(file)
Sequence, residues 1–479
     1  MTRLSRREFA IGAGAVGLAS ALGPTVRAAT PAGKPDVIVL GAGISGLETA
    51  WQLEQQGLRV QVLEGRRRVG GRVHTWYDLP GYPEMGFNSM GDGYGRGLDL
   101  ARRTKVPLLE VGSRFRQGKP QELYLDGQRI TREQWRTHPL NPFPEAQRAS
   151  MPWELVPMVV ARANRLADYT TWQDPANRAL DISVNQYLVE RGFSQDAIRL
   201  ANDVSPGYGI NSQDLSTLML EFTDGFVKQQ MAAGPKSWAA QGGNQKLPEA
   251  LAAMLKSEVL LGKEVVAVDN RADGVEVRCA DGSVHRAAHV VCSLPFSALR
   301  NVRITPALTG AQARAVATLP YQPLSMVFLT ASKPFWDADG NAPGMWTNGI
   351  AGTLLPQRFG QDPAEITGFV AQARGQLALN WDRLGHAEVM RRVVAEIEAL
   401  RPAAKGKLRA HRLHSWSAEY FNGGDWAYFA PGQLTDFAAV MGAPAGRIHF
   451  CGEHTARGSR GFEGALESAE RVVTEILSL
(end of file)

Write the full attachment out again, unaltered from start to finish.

Sequence, residues 1–479
     1  MTRLSRREFA IGAGAVGLAS ALGPTVRAAT PAGKPDVIVL GAGISGLETA
    51  WQLEQQGLRV QVLEGRRRVG GRVHTWYDLP GYPEMGFNSM GDGYGRGLDL
   101  ARRTKVPLLE VGSRFRQGKP QELYLDGQRI TREQWRTHPL NPFPEAQRAS
   151  MPWELVPMVV ARANRLADYT TWQDPANRAL DISVNQYLVE RGFSQDAIRL
   201  ANDVSPGYGI NSQDLSTLML EFTDGFVKQQ MAAGPKSWAA QGGNQKLPEA
   251  LAAMLKSEVL LGKEVVAVDN RADGVEVRCA DGSVHRAAHV VCSLPFSALR
   301  NVRITPALTG AQARAVATLP YQPLSMVFLT ASKPFWDADG NAPGMWTNGI
   351  AGTLLPQRFG QDPAEITGFV AQARGQLALN WDRLGHAEVM RRVVAEIEAL
   401  RPAAKGKLRA HRLHSWSAEY FNGGDWAYFA PGQLTDFAAV MGAPAGRIHF
   451  CGEHTARGSR GFEGALESAE RVVTEILSL